A sample is deemed to have a normal motility parameter when the PR value is over 30% and the sum of PR+NP is 42% (both requirements are necessary). When these requirements are not fulfilled, the term used is asthenozoospermia.

Vitality: Sperm vitality is reflected in the percentage of spermatozoa which are alive. This parameter does not always necessarily coincide with the percentage of immotile spermatozoa. The normal value is when the percentage of living spermatozoa is over 54%. When it is below this value, it is called necrozoospermia


This parameter refers to the shape of the spermatozoon. A spermatozoon is composed of three parts: the head, the neck or middle piece, and the tail. There are various criteria for the determination of the morphology of a spermatozoon and each one of these establishes a cut-off point for the determination of what is normal. The WHO (2010) recommends the use of the strict Tygerberg criteria, which deems a sample to be normal when at least 4% of the spermatozoa have the normal morphology according to its own criteria. If the number is below this value, it is called teratozoospermia.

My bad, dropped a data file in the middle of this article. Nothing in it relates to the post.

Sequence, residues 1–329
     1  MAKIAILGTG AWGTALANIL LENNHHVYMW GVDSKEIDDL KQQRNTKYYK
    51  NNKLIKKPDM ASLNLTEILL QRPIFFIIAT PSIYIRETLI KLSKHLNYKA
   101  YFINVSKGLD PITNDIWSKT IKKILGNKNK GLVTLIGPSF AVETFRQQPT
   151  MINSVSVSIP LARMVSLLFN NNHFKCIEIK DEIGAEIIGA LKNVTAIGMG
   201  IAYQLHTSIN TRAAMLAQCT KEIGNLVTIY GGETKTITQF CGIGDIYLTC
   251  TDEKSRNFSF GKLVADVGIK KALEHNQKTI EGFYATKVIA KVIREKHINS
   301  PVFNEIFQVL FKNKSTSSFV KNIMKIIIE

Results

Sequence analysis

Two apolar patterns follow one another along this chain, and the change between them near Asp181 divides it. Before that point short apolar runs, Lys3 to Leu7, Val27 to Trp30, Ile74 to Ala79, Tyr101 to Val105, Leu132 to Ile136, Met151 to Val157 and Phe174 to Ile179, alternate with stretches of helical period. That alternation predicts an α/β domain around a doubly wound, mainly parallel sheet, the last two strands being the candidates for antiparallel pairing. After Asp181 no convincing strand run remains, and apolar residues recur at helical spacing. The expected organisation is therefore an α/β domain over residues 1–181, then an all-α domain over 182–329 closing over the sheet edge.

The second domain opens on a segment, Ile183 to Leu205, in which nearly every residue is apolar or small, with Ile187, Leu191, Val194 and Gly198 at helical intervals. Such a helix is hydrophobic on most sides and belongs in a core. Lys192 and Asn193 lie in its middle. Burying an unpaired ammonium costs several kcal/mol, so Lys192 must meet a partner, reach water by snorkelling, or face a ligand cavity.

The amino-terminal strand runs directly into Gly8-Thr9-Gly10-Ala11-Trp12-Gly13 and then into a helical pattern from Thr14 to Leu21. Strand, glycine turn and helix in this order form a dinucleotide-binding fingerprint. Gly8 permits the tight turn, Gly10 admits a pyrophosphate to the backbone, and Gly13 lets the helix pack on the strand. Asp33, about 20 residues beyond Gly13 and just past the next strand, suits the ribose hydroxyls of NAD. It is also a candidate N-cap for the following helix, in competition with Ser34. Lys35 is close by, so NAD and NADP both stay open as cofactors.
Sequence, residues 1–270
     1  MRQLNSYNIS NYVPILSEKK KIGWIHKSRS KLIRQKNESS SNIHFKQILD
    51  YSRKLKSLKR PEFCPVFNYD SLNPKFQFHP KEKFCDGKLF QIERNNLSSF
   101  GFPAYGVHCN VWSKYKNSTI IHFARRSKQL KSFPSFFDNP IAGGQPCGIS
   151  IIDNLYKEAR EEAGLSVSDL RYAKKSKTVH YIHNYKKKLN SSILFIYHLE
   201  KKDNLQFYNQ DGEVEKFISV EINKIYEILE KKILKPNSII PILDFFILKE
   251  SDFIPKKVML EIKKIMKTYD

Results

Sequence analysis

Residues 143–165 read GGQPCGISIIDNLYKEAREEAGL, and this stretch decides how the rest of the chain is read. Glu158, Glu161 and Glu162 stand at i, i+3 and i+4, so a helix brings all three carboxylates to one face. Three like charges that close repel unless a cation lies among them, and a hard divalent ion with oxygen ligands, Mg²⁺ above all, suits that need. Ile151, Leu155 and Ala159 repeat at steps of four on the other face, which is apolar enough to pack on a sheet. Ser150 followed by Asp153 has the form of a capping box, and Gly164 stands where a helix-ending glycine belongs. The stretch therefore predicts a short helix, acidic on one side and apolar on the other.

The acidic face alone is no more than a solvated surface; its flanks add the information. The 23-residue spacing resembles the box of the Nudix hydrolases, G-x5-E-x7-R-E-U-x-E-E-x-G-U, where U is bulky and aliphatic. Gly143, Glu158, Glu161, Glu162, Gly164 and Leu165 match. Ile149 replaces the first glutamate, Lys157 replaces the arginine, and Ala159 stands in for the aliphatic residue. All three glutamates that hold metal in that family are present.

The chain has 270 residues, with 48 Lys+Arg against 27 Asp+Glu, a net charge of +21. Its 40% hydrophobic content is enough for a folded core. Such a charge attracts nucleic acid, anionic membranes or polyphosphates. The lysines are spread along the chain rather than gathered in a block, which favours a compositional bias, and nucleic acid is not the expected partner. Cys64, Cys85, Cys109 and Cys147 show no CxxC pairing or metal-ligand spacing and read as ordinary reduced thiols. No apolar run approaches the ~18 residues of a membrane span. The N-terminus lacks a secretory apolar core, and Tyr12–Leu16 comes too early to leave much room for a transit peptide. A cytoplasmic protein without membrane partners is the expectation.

The presence of agglutination:

The agglutination of motile spermatozoa is when a number of them are joined together. They can be stuck together by their heads, by their tails or head-to-tail. The presence of agglutinations may suggest infertility of immunological origin. If agglutination is observed in a basic spermiogram, then other, more specific tests need to be performed to rule out this possible immunological disorder.

The presence of other cellular components and detritus: